Ngora government hospitals charge pregnant women exorbitant fees for childbirth

Health workers attached to different health centers in Ngora district are on hand to charge pregnant women seeking caesarean section and surgery services exorbitant sums contrary to government policy.

According to our independent research in health facilities in Ngora, including Ngora IV Health Center, Ngora Maternity Unit and other health centers, health workers continue to demand money from patients .

Pregnant women must pay Shs. 150,000 for caesarean section and a minimum of Shs. 100,000 for other costs.

The other charge is refueling the ambulance in the event of a referral.

Janet Loy Titin, one of the patient attendants at Ngora Health Center IV who was allegedly detained by the facility for three weeks for failing to pay her bill, said she was charged 364,100 Ugandan shillings.

“I asked the authorities to release my patient and remained in detention for three weeks while the family searched for money,” Titin said.

She said that due to the poverty situation on her farm, she could not raise the funds for the operation when it was needed, but she pleaded with the health workers caring for her patient.

“The establishment is still asking me for Shs 100,000 after a supporter helped me clear Shs 264,100,” she added.

Sister Juliet Achom, head of the maternity ward at the Ngora IV health center, acknowledged that the facility charges pregnant women money to access cesarean section.

She attributed the burden on patients to the government’s limited delivery of equipment.

Mike Odongo, the Ngora district LCV chairman, said they have always repeatedly challenged health workers to refrain from charging money to patients.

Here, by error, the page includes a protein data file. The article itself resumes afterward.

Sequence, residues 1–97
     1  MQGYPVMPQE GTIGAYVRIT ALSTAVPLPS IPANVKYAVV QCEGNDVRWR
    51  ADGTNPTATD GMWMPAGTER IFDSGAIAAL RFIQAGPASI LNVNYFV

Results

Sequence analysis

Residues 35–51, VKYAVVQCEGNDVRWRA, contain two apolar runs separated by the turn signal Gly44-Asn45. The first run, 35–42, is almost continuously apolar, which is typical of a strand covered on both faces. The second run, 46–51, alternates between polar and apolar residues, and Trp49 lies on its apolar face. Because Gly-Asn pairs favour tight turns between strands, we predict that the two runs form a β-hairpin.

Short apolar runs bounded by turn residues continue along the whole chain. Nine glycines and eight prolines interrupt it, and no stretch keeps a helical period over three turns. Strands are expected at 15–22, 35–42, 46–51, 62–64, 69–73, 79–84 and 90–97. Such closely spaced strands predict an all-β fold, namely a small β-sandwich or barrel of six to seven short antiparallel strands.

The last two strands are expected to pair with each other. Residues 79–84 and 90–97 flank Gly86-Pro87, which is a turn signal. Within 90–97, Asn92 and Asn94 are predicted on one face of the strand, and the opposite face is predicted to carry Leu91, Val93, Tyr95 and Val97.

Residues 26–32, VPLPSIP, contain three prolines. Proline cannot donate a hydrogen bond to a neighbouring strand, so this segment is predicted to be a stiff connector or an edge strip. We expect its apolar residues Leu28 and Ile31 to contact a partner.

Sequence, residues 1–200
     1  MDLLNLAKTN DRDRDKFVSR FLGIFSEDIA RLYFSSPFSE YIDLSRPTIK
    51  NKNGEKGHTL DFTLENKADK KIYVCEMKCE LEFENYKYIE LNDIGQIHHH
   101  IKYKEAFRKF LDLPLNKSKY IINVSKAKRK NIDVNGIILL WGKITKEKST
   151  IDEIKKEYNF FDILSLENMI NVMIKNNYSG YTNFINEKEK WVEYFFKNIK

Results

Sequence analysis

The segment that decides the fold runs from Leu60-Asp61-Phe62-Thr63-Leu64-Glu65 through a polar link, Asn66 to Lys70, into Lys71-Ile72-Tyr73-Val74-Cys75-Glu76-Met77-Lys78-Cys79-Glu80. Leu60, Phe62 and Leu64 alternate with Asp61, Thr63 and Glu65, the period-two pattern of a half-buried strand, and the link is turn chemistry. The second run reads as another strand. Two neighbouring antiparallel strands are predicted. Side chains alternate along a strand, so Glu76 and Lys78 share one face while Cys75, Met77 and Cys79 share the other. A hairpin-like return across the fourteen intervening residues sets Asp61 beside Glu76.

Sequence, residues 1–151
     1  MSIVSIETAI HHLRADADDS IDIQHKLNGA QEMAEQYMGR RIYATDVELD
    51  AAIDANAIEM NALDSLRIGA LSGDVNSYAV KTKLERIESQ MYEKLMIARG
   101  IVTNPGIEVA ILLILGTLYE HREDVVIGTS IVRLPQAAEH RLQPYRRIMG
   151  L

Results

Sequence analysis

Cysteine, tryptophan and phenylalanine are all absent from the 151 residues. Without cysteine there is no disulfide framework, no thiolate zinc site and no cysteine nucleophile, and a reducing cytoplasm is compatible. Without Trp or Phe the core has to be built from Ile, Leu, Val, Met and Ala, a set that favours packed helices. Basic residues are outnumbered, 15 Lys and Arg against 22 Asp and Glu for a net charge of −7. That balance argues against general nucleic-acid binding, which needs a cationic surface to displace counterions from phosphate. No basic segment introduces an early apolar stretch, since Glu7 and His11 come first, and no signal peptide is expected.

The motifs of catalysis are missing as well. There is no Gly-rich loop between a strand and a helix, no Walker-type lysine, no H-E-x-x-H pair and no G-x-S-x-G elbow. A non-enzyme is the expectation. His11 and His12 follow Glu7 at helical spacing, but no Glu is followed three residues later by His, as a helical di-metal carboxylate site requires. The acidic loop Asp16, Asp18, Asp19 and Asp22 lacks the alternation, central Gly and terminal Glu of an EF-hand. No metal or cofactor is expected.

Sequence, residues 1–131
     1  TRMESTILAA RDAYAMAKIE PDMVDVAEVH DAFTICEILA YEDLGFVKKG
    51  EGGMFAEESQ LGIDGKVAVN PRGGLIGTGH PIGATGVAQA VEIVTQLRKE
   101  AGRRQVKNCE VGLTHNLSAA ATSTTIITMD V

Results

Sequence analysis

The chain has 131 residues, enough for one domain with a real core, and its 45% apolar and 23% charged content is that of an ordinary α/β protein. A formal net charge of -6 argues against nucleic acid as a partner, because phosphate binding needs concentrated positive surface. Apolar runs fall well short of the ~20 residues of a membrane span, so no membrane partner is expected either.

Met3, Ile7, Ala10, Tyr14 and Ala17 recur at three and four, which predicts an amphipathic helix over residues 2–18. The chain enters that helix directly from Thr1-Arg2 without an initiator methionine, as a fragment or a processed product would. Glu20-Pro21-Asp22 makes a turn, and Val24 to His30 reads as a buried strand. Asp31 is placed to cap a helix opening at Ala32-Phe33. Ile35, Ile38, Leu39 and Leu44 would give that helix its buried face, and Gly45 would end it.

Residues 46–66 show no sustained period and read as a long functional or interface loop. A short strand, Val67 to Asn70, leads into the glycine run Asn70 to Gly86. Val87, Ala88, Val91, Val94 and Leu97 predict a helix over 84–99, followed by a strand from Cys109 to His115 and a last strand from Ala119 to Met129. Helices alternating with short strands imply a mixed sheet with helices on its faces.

But he was quick to say that, being an IV health center, some government services are not sent, forcing health workers to ask patients to pay for services that are not readily available.

“As a district, we will investigate such allegations but unfortunately no one is willing to give us the right information to identify the wrongdoers,” he said.

He added that the issues raised will be investigated and anyone involved will be subject to disciplinary action.

Stella Apolot Isodo, Ngora District MP, said the challenges in the health sector are nationwide and called on the government to increase funding for the health sector.

She also called on the government to transform the Ngora IV health center into a district hospital so that most services can be provided on time.

Robert Olupot, a boda boda rider in Ngora town, called for sensitizing patients to demand services and reporting cases of corruption.

Uganda’s policy is to ensure that all surgical care is provided free of charge to patients in Ugandan public hospitals.

However, frequent stock-outs and broken equipment force patients to pay for much of their care out of pocket.

More than 45.16% of the health establishments belong to the State, 42% are private for profit and the rest are private for profit.



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